Financial Industry Regulatory Authority (FINRA) is a self-regulatory organization (SRO) that operates as a nonprofit government agency. It was established in 2007 through the consolidation of the National Association of Securities Dealers (NASD) and the regulatory functions of the New York Stock Exchange (NYSE).
FINRA is responsible for regulating and overseeing the activities of more than 4250 brokerage firms in the United States, as well as the approximately 630,000 registered securities representatives associated with those firms. It seeks to protect investors and ensure market integrity by promoting fair and ethical practices in the securities industry.
FINRA establishes and enforces rules that govern the conduct of its member firms and their associated persons, investigates potential violations of securities laws and regulations, and enforces disciplinary actions against firms and individuals found to have violated FINRA rules or other securities regulations.
FINRA also provides investor education and tools to help individuals make informed investment decisions, such as the BrokerCheck service, which allows investors to check the background and registration status of a brokerage firm or individual broker. Overall, FINRA plays a crucial role in maintaining investor confidence and promoting fair and efficient markets in the United States.
Roles of Financial Industry Regulatory Authority
FINRA, as a nonprofit government agency, was created to protect investors and ensure market integrity. It is responsible for regulating and supervising more than 4,250 brokerage firms in the United States, making it one of the largest independent regulators of securities firms in the world.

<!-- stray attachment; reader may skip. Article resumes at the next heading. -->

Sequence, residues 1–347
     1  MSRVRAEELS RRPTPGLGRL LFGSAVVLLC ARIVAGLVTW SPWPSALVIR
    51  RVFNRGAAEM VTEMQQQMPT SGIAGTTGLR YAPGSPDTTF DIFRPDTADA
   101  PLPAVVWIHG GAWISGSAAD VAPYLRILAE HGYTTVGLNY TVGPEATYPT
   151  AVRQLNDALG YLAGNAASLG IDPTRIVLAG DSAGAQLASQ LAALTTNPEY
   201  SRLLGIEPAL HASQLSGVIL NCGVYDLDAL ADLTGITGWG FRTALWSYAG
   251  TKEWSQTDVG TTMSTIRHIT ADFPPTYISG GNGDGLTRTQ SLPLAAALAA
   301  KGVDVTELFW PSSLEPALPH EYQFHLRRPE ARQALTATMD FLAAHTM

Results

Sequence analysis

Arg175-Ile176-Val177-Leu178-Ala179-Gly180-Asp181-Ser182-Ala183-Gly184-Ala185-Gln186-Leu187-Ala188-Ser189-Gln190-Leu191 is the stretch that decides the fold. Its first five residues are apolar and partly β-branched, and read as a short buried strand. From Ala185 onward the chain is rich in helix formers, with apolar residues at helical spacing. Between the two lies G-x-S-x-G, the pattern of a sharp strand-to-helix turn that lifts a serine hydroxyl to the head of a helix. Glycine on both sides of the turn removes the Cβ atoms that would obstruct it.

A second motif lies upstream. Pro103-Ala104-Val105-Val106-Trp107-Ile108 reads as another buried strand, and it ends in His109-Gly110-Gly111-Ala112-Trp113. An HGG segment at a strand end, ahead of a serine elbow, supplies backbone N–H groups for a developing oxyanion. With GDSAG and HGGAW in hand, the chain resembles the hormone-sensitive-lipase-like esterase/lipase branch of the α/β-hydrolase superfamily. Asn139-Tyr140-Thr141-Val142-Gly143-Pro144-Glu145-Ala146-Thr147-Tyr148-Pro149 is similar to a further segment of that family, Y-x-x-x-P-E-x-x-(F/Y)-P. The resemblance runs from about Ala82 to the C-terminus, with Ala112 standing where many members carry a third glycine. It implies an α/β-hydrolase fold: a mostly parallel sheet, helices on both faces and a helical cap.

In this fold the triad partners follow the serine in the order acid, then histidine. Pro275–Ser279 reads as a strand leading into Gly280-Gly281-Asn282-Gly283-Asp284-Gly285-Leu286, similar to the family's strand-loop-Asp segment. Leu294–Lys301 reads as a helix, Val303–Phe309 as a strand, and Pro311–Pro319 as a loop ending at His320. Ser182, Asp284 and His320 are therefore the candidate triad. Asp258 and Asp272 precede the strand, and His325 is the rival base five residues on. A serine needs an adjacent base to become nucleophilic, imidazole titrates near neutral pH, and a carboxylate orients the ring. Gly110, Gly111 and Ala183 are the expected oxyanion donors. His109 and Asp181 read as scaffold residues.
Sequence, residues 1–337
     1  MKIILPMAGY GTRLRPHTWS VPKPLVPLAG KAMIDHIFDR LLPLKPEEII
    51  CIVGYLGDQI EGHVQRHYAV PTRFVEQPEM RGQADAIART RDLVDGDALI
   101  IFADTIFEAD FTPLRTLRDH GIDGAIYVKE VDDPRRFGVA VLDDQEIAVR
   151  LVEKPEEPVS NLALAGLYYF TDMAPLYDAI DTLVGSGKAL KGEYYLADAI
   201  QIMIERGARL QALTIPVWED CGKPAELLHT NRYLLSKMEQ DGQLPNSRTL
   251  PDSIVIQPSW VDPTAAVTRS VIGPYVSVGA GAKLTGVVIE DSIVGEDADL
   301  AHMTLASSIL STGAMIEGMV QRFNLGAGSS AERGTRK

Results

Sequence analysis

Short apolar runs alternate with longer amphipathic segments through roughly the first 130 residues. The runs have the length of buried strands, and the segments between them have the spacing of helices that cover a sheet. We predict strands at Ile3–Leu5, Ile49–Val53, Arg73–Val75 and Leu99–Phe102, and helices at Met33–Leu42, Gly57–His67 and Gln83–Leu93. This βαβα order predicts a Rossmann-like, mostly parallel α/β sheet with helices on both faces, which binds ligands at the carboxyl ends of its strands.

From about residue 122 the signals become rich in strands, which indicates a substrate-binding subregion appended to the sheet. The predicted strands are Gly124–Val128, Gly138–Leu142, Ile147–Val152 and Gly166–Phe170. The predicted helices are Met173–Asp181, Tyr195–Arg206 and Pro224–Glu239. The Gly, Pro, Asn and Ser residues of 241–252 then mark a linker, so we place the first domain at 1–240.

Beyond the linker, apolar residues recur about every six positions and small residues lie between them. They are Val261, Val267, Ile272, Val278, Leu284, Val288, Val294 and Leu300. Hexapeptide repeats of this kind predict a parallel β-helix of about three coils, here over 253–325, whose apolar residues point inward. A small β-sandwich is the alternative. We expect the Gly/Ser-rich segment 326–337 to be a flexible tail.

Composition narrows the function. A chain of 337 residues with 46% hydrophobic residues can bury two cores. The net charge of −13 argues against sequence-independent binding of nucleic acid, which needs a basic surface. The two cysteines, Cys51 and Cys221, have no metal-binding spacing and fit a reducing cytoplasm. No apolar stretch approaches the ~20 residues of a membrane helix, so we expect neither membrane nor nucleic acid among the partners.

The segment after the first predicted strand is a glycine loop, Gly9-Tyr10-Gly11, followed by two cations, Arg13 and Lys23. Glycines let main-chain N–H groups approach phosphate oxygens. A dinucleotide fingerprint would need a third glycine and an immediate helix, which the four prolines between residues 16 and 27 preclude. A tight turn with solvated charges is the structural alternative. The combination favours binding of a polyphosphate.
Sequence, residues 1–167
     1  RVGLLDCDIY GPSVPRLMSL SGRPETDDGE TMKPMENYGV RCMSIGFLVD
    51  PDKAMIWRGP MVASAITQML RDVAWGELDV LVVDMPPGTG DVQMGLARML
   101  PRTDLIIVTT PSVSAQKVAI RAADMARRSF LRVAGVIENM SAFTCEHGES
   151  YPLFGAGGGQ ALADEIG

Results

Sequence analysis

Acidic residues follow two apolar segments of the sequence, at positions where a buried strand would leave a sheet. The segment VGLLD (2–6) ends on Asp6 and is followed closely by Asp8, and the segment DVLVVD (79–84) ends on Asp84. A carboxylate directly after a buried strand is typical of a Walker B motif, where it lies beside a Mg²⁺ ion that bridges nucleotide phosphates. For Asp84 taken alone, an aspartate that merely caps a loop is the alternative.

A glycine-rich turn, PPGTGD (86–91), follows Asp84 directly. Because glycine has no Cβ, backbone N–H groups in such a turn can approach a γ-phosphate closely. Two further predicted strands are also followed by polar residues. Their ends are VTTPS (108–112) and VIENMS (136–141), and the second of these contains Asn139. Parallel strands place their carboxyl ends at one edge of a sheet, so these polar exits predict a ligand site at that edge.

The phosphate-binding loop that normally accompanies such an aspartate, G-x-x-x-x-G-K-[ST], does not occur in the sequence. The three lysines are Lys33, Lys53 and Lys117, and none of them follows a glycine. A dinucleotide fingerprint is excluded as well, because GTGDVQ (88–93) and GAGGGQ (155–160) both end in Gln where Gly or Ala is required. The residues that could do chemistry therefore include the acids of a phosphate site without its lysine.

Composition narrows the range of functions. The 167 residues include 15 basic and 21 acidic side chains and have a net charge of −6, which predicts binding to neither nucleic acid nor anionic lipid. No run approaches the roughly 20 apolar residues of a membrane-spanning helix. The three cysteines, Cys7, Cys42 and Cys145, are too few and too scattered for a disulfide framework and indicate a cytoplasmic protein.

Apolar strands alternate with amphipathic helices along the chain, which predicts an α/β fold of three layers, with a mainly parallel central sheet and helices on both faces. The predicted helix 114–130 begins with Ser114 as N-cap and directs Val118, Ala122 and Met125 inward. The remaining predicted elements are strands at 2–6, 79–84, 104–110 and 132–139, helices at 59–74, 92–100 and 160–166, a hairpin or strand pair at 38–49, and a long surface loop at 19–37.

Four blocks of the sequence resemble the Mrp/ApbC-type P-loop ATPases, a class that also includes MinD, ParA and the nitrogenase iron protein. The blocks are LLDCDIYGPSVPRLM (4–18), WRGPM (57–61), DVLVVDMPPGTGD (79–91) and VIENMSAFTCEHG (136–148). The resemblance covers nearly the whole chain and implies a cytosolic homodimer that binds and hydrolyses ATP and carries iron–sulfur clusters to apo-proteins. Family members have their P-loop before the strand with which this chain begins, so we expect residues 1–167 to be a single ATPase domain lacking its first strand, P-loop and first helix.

FINRA's primary role is to audit the qualifications of brokerage firms. This includes verifying that the firm and its employees have the necessary licenses and qualifications to perform their duties. By doing so, FINRA helps to ensure that only qualified professionals are involved in the financial industry, which reduces the risk of fraud and other illegal activities.
Another important role of FINRA is to protect the integrity of the market. This includes monitoring and regulating securities transactions to ensure that they are conducted in a fair and transparent manner. FINRA also has the authority to investigate and prosecute individuals and firms that engage in fraudulent or unethical practices, such as insider trading or market manipulation.
In addition to protecting the integrity of the market, FINRA also works to raise awareness among investors and protect their rights. This includes providing educational resources to help investors make informed decisions about their investments, as well as investigating complaints and taking action against firms or individuals who violate securities laws.
FINRA is also responsible for ensuring that brokerage firm employees have the necessary licenses and qualifications. This includes enforcing the licensing requirements for individuals who work in the securities industry, such as brokers and financial advisors. By doing so, FINRA helps to ensure that only qualified professionals are involved in the financial industry, which reduces the risk of fraud and other illegal activities.
Furthermore, FINRA plays an important role in reducing financial crime risks in the investment sector. It works to prevent many financial crimes by banning brokers who violate the code and by investigating and prosecuting individuals and firms that engage in fraudulent or unethical practices. FINRA also works closely with law enforcement agencies to detect and prevent financial crimes, such as money laundering, terrorist financing, and other illegal activities.